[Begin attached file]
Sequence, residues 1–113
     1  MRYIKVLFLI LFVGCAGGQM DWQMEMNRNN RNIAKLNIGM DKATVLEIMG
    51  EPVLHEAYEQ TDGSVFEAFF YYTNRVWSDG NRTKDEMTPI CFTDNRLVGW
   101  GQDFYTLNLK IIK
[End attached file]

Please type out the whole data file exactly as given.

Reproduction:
Sequence, residues 1–113
     1  MRYIKVLFLI LFVGCAGGQM DWQMEMNRNN RNIAKLNIGM DKATVLEIMG
    51  EPVLHEAYEQ TDGSVFEAFF YYTNRVWSDG NRTKDEMTPI CFTDNRLVGW
   101  GQDFYTLNLK IIK